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by Thom Yee

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The Walking Dead images courtesy of AMC

6×12: “Not Tomorrow Yet”

Ever since the “They’re screwing with the wrong people” moment back at Terminus from the end of season four, The Walking Dead has become less a show about Rick and co. surviving the zombie Walker apocalypse and more a show of kill or be killed. With this week’s “Not Tomorrow Yet”, our group has officially become death, destroyer of satellite compounds.

This week, the Saviors make their episode-length debut, and for the moment at least, there’s still not much for our heroes to be afraid of, the Saviors amounting to little more than cannon fodder. If anything, it’s Rick and co. themselves that announce themselves as the bad guys of the story when they decide to pre-emptively raid the Saviors’ base of operations.  It’s a surprisingly unsettling image seeing our heroes now dispatching living people in their sleep in what most people, even at their most charitable, would still have to call murder (though the skull-piercing/brain-stabbing sound effects are unavoidably cartoony), but the show is still quick to show us our heroes are in the right when they remind us of how evil the Saviors are with pictures of previous smashed-head Savior victims all over the walls and their general d*ck-ish behavior.

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You have nothing to feel guilty about, Carol. I mean, it’s not like your words directly caused the hesitation that led to anyone’s death or anything.

Carol gets the majority of the character work in “Not Tomorrow Yet” after several episodes off, and seeing where she is right now it kind of makes sense that she would have slinked back into the background. Our once indomitable, unflinching survivalist paragon has become somewhat more doubtful of her past actions, perhaps from the guilt she feels after being so harsh with the now-dead Sam (whose grave site she leaves a cookie at), and certainly removed from her formerly resolute belief that killing is the right answer. She seems almost comfortable in her present role as the town mother as Tobin puts it after these last few weeks of relative peace, and it she may even be coming around to Morgan’s beliefs, at least that some lives are precious, even if not her own, even if she’s willing to accept that people like her are damned to protect so that others can remain pure. Though I miss the stone-cold killer Carol, especially with how much we’ll need her now, I think it’s a good turn for the character, and it’s being handled with a subtlety that’s rare for a show like this. Also, Carol gets some this episode, and I for one don’t mind that it’s not the Carol-Daryl moment so many have been shipping. Y’know, for a show about undead zombies, there’s a lot of shipping among its fandom.

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You either die a hero or live long enough to see yourself become the villain.

In other news, Abraham breaks up with Rosita, leaving most of us to wonder if there’s anyone who cared about that relationship, Morgan’s moping around, leaving us to wonder if he’s ever going to get another good moment and me to wonder if the showrunners can stick the landing and remind us that they had a point with the character, and, even though it tracks with the Glenn we know, I think all of us were a little surprised to find out that Glenn hasn’t killed a living person until this episode. Really? Not even back at Terminus? Not even back at the fall of the prison? Of all the characters moments in the episode, the ones that stood out most to me were with Father Gabriel, whose priest-with-a-rifle thing is quickly (and I mean quickly) turning him from one of my (and most everyone’s) least favourite to most favourite characters, and Jesus, who’s becoming the hero we deserve and the hero we need right now with his ninja masked “they’re not gonna see me” moments. I’d like to see the character show more of his martial arts side from the comicbooks, but that kind of choreography might be beyond the scope of this show’s directors right now.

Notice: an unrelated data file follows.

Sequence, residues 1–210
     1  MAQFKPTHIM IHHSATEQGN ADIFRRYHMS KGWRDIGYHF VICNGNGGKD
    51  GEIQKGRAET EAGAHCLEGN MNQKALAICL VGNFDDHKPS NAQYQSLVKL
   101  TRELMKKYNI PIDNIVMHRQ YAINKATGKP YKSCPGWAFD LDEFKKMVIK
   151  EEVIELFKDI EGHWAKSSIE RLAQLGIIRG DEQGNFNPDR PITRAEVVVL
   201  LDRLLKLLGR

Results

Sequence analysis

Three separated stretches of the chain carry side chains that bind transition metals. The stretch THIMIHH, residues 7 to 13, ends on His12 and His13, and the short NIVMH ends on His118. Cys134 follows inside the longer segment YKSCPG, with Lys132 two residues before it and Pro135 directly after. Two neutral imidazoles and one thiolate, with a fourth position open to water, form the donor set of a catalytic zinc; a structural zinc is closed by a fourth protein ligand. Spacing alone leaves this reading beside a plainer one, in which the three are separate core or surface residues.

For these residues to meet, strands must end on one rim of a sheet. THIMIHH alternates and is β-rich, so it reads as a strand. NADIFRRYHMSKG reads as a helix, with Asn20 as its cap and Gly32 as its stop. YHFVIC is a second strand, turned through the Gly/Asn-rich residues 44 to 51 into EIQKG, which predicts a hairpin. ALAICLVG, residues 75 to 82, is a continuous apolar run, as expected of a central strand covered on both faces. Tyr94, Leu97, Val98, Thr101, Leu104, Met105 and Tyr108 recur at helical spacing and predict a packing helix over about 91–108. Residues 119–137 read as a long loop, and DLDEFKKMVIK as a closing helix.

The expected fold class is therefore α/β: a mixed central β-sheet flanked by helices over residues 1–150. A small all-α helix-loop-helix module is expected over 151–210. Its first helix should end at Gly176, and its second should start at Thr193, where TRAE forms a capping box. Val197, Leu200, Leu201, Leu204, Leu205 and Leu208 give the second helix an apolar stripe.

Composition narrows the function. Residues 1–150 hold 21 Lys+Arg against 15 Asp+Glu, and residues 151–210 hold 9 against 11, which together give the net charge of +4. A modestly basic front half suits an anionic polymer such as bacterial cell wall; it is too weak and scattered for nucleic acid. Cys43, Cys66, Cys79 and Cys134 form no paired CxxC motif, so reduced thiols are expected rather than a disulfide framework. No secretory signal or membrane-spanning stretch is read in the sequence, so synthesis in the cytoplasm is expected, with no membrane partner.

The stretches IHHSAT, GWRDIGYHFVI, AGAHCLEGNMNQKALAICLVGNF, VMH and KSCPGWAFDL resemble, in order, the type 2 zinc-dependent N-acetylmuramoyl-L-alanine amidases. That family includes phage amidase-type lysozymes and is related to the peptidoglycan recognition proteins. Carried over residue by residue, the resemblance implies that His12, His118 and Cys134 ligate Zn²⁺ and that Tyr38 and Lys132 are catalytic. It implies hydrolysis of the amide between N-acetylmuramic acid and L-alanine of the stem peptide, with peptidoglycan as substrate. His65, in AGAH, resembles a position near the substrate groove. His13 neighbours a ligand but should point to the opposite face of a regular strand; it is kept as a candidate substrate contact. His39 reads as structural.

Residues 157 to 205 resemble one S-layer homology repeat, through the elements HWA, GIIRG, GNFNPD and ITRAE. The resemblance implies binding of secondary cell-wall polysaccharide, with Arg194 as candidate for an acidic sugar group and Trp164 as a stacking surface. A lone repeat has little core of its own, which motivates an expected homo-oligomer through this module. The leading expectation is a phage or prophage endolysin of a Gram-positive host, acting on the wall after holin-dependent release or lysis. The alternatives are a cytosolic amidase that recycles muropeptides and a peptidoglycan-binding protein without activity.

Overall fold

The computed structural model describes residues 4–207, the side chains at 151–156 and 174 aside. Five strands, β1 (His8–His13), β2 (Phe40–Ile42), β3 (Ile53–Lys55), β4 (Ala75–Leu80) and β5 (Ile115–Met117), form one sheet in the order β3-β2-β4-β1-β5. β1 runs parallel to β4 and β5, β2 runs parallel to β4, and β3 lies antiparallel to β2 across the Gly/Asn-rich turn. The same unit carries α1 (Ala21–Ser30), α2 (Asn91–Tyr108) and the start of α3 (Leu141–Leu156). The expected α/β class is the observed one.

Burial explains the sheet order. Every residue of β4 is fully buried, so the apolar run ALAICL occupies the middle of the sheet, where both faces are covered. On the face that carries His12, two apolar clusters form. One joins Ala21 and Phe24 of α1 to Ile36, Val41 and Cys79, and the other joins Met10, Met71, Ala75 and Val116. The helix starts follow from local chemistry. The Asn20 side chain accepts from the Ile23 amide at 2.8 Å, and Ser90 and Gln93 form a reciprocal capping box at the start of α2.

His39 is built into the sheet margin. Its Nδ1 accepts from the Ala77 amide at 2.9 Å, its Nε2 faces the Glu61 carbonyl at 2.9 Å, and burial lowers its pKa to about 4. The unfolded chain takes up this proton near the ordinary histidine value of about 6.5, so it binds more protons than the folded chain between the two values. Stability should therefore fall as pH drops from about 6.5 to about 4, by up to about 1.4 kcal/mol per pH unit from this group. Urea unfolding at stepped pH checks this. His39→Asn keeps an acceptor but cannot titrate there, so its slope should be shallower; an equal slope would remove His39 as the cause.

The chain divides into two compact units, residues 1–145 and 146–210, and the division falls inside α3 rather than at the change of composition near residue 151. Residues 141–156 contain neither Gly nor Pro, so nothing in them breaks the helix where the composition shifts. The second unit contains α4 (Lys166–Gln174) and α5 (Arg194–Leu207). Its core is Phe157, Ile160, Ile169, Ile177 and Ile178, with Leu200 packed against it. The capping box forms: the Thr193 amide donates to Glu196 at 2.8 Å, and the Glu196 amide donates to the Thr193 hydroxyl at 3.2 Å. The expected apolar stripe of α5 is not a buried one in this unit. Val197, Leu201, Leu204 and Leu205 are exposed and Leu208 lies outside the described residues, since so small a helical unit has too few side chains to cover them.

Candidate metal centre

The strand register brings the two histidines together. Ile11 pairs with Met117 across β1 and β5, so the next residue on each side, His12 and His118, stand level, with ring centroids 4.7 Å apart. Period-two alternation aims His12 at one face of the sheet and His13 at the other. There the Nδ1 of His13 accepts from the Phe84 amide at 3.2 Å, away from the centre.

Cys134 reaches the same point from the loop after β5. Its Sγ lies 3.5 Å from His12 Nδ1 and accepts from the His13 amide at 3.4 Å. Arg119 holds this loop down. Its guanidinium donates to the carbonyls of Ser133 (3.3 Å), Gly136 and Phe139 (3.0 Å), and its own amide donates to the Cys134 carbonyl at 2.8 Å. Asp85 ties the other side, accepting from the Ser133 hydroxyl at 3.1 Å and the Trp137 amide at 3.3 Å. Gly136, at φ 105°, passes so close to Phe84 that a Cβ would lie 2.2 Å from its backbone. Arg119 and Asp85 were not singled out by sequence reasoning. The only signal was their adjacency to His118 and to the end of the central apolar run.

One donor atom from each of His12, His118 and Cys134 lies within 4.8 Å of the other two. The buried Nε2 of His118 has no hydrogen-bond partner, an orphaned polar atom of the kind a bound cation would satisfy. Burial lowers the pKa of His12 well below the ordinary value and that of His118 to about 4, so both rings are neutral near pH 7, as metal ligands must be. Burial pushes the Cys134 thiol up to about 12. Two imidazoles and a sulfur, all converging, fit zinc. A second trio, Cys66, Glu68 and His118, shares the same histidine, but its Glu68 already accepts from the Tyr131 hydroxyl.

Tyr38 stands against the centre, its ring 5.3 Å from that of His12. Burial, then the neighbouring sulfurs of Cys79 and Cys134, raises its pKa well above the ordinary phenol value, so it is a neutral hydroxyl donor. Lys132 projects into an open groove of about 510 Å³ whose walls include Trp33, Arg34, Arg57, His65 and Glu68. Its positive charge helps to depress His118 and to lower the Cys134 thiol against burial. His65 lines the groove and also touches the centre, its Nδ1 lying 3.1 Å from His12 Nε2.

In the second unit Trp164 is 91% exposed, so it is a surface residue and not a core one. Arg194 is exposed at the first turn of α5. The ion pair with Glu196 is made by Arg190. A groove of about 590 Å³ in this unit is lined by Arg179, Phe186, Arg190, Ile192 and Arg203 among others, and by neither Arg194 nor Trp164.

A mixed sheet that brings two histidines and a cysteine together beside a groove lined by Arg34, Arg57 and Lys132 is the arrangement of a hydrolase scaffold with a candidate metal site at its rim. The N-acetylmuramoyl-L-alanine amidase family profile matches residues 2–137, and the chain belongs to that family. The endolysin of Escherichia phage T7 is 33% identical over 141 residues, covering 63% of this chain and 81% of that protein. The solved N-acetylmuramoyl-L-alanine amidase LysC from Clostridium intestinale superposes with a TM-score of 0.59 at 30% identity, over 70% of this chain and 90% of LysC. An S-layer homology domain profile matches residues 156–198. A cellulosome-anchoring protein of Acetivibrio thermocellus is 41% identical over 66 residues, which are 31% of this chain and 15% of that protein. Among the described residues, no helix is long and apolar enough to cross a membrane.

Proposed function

Though our heroes make it out of the Saviour satellite compound largely unscathed, we end “Not Tomorrow Yet” with Maggie and Carol, left behind as lookouts, now kidnapped by the Saviours, and though that’s a very real threat to the fabric of Alexandria, I’m surprised by how ambivalent I felt about the entire episode. It’s an episode that posed more real questions than the show is usually capable of and it presented us with a level and type of action that’s hard not to appreciate, but it wasn’t a fun episode, and in some ways that was sort of the point. I could use a few more episodes like “The Next World” with Rick and Daryl as Bo and Luke Duke before the true darkness and loss that we’re all expecting when Negan finally makes his presence known. Still, it was a good episode, I just didn’t care that much this week, but maybe that’s a me thing.

The Walking Dead — “Not Tomorrow Yet” final score

3.5


Items of Note

  • Why does anyone ever wear white in the post-walker apocalypse? That’s just asking for hours spent in the laundry room bleaching blood-splattered clothes.
  • I’m kind of surprised Tobin is still alive.
  • Is this the first time we’ve seen Carol smoking?
  • Jesus: “Which head do you like better?” Andy: “I don’t know, which head do you like?”
  • I really wanted to find out where he got that motorbike. Are those two dicks that betrayed Daryl before the midseason break still alive?
  • Along the same lines, I hope we get a hugely triumphant scene when Daryl is finally reunited with his crossbow.

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